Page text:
Max’s other friends include a devout Christian girl named Kate and a potential love interest named Warren who strongly flirts with her. Kate looks depressed in the short interaction you have with her in episode 1, which becomes much more relevant in the 2nd episode. Max asks for Warren to vent to him in this first interaction. The relationship with Warren in later episodes goes from slowly blooming romance to mixed signals, as some major plot points make it ambiguous about how she feels despite either making it clear she likes him or is rejecting him. I think the creators try to play it off as teenage impulsivity or her lack of confidence, but it just comes off as they needed him to drive the plot.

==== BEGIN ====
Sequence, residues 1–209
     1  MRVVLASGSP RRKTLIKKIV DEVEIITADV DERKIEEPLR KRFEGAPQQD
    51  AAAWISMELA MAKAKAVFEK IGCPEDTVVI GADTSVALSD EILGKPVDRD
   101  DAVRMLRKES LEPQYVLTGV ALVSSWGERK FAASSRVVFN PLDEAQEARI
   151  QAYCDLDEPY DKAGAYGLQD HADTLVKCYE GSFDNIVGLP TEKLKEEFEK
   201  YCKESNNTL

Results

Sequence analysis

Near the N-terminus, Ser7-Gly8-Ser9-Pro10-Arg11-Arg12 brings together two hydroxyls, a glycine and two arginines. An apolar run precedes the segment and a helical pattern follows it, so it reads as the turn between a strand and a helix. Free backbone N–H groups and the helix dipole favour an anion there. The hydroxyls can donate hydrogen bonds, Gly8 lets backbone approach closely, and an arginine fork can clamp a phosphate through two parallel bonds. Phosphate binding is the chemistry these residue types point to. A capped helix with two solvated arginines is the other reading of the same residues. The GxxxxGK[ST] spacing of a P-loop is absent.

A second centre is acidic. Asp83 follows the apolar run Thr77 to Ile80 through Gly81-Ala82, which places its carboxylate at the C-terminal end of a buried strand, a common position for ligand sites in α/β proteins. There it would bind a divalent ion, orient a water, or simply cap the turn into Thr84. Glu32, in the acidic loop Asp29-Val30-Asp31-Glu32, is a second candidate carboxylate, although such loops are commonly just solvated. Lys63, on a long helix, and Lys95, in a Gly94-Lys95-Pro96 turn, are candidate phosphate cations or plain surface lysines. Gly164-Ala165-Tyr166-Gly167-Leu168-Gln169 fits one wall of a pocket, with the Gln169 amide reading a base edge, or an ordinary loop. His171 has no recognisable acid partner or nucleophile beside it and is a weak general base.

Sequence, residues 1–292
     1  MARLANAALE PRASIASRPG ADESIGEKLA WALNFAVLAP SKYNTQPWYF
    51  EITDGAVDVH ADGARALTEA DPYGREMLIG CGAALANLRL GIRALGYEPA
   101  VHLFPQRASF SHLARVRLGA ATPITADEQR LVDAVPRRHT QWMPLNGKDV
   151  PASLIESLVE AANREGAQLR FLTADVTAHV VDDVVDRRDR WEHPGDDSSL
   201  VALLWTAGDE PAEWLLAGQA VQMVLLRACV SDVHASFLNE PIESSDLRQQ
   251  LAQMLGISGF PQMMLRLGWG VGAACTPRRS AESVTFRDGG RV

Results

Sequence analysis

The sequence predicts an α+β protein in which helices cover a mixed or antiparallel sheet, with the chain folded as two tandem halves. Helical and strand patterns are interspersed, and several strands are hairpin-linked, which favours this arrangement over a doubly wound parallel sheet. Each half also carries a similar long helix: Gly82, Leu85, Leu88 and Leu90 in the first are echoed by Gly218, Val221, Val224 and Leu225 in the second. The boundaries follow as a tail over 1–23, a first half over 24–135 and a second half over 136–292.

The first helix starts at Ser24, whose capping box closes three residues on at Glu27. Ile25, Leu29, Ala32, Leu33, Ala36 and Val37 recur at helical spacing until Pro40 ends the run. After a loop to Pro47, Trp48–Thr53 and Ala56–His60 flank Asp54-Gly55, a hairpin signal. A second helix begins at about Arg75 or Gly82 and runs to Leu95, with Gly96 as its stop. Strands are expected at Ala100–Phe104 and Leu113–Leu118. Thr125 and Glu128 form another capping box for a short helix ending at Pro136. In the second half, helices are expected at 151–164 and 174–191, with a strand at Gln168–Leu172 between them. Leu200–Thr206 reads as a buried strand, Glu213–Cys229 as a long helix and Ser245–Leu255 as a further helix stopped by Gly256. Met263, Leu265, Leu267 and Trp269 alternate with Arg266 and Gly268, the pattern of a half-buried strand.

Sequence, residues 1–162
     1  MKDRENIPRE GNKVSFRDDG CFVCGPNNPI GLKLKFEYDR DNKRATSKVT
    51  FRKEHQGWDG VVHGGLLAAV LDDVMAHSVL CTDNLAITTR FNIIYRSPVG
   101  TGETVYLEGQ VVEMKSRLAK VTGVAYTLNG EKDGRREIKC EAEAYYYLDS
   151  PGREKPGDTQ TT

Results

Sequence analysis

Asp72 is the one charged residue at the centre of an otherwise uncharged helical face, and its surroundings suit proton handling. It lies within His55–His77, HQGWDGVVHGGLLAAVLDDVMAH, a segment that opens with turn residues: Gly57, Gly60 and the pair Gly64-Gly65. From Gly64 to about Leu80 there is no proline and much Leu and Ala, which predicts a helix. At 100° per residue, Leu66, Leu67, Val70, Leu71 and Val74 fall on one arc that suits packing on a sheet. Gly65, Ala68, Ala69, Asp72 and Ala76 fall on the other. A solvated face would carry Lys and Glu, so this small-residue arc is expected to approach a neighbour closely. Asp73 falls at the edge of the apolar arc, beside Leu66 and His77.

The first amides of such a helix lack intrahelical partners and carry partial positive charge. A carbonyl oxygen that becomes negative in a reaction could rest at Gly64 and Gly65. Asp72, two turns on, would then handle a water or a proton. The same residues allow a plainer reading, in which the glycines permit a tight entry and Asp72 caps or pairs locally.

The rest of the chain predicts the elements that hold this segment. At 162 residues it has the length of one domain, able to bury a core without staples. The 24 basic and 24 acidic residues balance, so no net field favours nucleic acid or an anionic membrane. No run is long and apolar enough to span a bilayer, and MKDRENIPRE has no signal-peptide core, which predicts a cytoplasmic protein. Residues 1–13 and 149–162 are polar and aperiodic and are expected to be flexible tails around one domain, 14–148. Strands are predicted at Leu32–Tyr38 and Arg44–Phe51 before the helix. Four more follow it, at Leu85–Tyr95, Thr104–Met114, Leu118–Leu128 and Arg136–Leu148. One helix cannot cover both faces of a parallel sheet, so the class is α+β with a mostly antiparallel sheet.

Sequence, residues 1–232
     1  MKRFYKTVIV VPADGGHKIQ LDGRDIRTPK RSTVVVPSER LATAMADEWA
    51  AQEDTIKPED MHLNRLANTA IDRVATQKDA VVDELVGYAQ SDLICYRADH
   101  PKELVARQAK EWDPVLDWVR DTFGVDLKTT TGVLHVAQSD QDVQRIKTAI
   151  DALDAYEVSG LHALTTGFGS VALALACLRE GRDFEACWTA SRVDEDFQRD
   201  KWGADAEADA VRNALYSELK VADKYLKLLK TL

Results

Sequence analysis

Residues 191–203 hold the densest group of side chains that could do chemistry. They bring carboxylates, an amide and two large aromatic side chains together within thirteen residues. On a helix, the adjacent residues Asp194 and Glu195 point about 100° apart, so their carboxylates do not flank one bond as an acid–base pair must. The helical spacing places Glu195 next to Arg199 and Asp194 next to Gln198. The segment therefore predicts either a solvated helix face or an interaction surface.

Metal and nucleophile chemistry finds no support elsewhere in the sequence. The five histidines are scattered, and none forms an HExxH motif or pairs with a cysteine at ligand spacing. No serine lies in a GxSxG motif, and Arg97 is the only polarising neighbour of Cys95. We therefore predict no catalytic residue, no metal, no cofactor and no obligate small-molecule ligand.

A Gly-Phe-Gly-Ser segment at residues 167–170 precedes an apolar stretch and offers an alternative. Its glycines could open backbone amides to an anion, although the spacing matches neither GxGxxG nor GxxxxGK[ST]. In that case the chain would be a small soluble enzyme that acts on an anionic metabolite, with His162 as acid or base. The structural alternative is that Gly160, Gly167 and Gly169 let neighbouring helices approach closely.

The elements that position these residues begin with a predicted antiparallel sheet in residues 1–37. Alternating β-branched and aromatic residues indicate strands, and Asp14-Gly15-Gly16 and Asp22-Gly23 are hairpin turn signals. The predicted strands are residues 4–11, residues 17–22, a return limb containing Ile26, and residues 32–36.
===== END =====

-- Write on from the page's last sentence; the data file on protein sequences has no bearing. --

After first discovering the rewind ability you meet many of the students right outside the school steps, and the area is basically a tutorial on the game elements without being told it is a tutorial. It is very smooth experience, as you learn to talk to people, get some information before they shut the conversation down, and then rewind to use that bit of information to either build rapport or get answers before they shut down again. For instance, one of the characters doesn’t want to let anyone see his photo album unless they know some hardcore details of a certain photographer. You fail the first time you talk to him and he tells you what the answer should have been; you then rewind and give him the answer right off the bat and get to see the album. There is also lot of background information on the missing girl, Rachel Amber, and you get a sense of what her character is like. That area was a really good way to get you to care about each of the side characters as well as the missing girl.